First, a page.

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Leviticus 6:1 to 8:37 - Eating Together

by Rabbi Jeremy Rosen

There are four obligations on Purim. To read the Megillah of Esther, to give charity to the poor and gifts to our friends, and to have a celebratory meal, a seudah. The significance of all these is that in reacting to an attempt to de-humanize, we go in the other direction to emphasize humanity, and the things that reinforce human interaction, and concern. To look to the past to learn from it, and to look forward to the future with hope.

The Purim story is an example of humanity at its worst and its best. Survival against the odds. That is why although Pur means a single lottery, Purim means many. Because life is constantly a matter of weighing up the odds. And the Purim story encourages us to be proactive and not give up.

What’s so significant about having a banquet? Eating together has always been a symbol of friendship, hospitality, loyalty, and family. Breaking bread is an ancient tradition going back long before the Torah. And we celebrate each Shabbat, each festival with a Seudah (or two or three). This is something that in the world at large is getting rarer and rarer and indeed family life itself has been seriously degraded. The family coming together on Shabbat, Sunday, or Friday was once universally accepted. Nowadays the idea of family is almost going out of fashion. It is associated, with pressure, control, and humiliation. In American society, Thanksgiving and Christmas seem to be the only times most families do get together. Even in many Jewish families the idea of eating together once a day during the week, usually the evening meal, with grace before and or after, has become all too rare as other demands take priority.

This week, again, we read in the Torah about the sacrificial system. The very name, sacrifice, implies an unnecessary act of killing animals for ceremonial purposes. Although the subject of sacrifices nowadays has lost its allure, there are still important moral and social lessons we can learn from the Bible text on the subject. In Hebrew, the word for a sacrifice is Korban, the same word Karov also means to be close to God and other people. Whereas some sacrifices were indeed ceremonial, others were designed as atonements for individuals, for religious and political leaders, who all need to examine their actions and intentions regularly. Everyone inevitably makes mistakes. We need constant, honest reality checks.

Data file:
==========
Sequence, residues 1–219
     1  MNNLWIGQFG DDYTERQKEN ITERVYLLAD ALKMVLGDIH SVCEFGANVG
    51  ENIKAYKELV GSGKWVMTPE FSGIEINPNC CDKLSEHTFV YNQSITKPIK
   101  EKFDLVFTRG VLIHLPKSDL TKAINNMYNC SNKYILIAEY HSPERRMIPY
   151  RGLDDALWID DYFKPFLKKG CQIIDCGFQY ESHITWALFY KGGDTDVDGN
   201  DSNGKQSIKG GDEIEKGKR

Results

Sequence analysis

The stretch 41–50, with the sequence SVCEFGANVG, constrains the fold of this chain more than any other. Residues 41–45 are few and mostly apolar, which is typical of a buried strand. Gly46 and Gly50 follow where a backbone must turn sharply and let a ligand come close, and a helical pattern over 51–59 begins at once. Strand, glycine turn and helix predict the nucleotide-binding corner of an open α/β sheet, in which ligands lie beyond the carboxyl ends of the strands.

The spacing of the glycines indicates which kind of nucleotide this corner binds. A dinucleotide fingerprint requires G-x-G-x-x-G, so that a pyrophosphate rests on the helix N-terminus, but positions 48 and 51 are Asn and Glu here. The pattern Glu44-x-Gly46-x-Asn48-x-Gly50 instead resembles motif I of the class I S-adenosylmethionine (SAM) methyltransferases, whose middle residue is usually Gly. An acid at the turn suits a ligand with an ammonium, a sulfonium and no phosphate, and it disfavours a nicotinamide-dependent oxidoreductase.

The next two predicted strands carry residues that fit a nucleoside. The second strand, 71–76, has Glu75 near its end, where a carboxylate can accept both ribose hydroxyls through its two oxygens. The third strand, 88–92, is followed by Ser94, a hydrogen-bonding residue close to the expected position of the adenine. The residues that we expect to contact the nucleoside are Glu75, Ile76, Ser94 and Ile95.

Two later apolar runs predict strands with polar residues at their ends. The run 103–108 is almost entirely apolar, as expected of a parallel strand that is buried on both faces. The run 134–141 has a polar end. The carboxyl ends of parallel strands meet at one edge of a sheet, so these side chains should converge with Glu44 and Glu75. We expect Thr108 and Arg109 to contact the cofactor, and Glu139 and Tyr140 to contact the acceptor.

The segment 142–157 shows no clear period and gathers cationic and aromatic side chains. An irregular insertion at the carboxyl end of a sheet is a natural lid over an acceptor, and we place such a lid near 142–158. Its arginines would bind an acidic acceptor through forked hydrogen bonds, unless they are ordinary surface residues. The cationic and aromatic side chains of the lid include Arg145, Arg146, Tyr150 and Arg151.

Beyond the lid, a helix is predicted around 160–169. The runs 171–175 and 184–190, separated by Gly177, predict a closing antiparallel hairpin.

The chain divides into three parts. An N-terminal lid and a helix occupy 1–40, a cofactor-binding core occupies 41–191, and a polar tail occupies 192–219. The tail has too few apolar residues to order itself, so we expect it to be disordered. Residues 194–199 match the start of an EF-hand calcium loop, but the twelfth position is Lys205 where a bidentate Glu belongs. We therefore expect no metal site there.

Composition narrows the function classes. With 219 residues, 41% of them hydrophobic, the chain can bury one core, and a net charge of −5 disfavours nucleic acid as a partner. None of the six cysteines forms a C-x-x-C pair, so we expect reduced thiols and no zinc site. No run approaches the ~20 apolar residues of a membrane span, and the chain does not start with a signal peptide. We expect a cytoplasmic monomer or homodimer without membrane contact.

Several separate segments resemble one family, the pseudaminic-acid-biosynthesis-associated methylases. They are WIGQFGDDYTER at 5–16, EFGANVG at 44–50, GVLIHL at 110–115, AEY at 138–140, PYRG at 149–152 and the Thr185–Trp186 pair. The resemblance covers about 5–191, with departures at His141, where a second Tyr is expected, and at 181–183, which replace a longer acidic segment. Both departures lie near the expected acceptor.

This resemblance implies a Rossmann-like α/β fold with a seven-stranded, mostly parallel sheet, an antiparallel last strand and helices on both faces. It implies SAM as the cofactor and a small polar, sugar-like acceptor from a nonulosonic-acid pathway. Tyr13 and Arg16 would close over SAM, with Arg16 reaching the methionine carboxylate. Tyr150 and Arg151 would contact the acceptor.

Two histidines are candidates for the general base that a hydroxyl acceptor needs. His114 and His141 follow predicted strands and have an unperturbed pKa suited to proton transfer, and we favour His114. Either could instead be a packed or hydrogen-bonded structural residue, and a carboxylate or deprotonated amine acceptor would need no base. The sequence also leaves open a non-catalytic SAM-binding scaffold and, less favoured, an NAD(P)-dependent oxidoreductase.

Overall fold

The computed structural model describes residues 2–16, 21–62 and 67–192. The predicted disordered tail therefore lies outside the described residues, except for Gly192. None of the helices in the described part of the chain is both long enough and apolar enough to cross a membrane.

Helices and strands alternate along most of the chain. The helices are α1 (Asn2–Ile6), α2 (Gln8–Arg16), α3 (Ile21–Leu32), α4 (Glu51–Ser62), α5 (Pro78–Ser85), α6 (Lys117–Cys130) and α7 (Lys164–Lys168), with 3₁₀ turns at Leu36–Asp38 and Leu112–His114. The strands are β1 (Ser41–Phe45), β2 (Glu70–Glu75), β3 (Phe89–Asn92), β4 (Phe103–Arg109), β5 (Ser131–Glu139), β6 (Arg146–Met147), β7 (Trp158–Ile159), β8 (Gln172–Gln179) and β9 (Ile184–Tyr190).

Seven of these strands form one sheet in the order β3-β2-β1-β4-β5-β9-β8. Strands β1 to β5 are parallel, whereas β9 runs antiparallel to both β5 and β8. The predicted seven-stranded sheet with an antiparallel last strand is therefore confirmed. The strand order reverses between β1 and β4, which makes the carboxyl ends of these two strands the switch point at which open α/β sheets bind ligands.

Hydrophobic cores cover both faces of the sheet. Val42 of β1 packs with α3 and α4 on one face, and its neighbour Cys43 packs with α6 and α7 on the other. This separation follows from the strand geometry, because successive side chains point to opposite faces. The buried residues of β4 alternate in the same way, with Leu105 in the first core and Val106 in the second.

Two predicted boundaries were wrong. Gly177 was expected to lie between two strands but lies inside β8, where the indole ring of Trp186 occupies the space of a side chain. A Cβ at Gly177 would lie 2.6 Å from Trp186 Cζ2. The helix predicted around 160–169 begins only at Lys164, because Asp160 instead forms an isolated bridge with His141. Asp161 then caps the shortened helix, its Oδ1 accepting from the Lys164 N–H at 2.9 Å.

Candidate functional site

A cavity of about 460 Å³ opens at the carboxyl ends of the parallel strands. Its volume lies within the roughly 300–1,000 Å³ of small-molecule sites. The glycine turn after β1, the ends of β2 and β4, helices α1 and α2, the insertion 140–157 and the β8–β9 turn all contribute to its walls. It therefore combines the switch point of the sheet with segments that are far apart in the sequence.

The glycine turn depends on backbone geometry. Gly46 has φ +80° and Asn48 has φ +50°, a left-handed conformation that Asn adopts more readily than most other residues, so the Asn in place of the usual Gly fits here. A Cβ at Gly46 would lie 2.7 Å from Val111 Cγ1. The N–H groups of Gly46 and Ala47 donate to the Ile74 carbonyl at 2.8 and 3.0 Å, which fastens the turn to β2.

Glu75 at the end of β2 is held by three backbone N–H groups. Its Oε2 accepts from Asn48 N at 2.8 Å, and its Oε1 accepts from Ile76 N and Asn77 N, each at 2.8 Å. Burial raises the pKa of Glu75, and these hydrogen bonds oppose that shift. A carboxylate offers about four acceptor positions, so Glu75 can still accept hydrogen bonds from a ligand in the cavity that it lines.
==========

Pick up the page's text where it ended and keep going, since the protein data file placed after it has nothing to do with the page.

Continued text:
Amongst the sacrifices we read about, there are two categories, Shelamim, literally to make peace, shalom in society, and the Mincha, rest or ease, designed to make us all feel comfortable as well as being part of a community. These sacrifices were shared. The bounty and good fortune were shared around. Sacrifices were ways of ensuring that the members of the community were fed as well reinforcing their religious identity.

The Mincha was also primarily vegetarian. So that people who could not afford meat or simply preferred other food could also be part of the system. Speaking personally, in the improbable possibility of the Temple ever being rebuilt, I pray and hope that any sacrifices brought then, will all be Shelamin and better still Minchavegan to boot.

And given that on matters of food and aroma people have different tastes, this also reinforces the idea that in providing food to get together or to celebrate, we should try to please the palates of our guests, not just ourselves.

Shabbat Shalom



Jeremy Rosen was born in Manchester, England, the eldest son of Rabbi Kopul Rosen and Bella Rosen. Rosen's thinking was strongly influenced by his father, who rejected fundamentalist and obscurantist approaches in favour of being open to the best the secular world has to offer while remaining committed to religious life. He was first educated at Carmel College, the school his father had founded based on this philosophical orientation. At his father's direction, Rosen also studied at Be'er Yaakov Yeshiva in Israel (1957–1958 and 1960). He then went on to Merkaz Harav Kook (1961), and Mir Yeshiva (1965–1968) in Jerusalem, where he received semicha from Rabbi Chaim Leib Shmuelevitz in addition to Rabbi Dovid Povarsky of Ponevezh and Rabbi Moshe Shmuel Shapiro of Yeshivat Be'er Ya'akov. In between Rosen attended Cambridge University (1962–1965), graduating with a degree in Moral Sciences.


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